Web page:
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<EU Energy Efficiency Regulation and Funding for Buildings

EU Energy Efficiency Regulation and Funding for Buildings – Step change to a new real estate economy

'Green' or 'sustainable' buildings are still mostly an elite thing, prestige projects for corporate headquarters or the products of enlightened corporate governance as when the leading funds instruct their real estate managers to take on only cutting edge green buildings. But this is hardly a game changer given that the vast majority of the building stock doesn't belong to either funds or the big commercial property companies; it's made up of owner-occupied and private and social rental housing, and the vast 'lower' commercial building stock. To some extent, there is ecological trickle down from the top level, but it's a slow process.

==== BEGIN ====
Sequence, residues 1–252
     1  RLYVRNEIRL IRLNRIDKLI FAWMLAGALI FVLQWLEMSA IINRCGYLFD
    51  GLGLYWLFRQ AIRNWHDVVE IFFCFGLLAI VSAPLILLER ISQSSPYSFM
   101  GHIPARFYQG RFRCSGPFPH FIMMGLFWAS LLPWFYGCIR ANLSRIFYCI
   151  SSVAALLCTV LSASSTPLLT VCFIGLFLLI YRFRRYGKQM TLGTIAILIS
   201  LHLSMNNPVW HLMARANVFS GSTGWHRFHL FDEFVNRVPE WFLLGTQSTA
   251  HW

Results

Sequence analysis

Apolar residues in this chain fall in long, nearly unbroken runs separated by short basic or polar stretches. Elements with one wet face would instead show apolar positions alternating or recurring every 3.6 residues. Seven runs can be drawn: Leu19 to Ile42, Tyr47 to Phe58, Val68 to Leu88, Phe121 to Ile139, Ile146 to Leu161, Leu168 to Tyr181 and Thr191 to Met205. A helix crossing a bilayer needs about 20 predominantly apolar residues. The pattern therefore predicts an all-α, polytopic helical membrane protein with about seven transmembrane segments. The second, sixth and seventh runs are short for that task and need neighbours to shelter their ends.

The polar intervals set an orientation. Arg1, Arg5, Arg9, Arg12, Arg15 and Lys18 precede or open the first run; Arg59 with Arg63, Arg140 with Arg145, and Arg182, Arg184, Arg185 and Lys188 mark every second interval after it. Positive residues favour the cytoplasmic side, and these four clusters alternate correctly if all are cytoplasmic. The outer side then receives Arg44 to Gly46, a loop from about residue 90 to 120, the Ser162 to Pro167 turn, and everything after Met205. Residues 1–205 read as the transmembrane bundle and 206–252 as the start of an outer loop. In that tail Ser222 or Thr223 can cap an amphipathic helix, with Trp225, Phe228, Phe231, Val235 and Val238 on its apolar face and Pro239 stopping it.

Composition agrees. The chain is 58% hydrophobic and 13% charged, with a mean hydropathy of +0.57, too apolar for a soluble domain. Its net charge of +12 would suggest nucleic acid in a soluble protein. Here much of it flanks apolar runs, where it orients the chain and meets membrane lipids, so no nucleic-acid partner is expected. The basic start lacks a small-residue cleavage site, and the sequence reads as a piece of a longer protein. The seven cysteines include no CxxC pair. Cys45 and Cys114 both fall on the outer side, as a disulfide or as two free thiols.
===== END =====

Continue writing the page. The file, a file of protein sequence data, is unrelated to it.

The only game changer is mandatory regulation of the entire building stock of a large population, hence the EU.

The clincher is hard law …

The EU has been targeting energy efficiency in buildings for a decade, longer if you include a first completely failed attempt in the nineties. But motivated by the fact that buildings account for 36% of total EU carbon footprint, the EU, in its fumbling, bumbling, soundbite-free way, increasingly led by the European Parliament and working closely from the outset with the property industry (see box), has clocked up a series of Directives and Regulations setting mandatory requirements which, combined, could mean critical mass and step change:

  • All new build, residential and commercial, to be near-zero energyby 2018 (public) or 2020 (private)
  • Public bodies must purchase only energy-efficient buildings.Parliament would have liked "purchase and rent", but if all government purchase has to be energy efficient, won't that impact energy efficiency levels of buildings rented to the public sector and by knock-on to private tenants?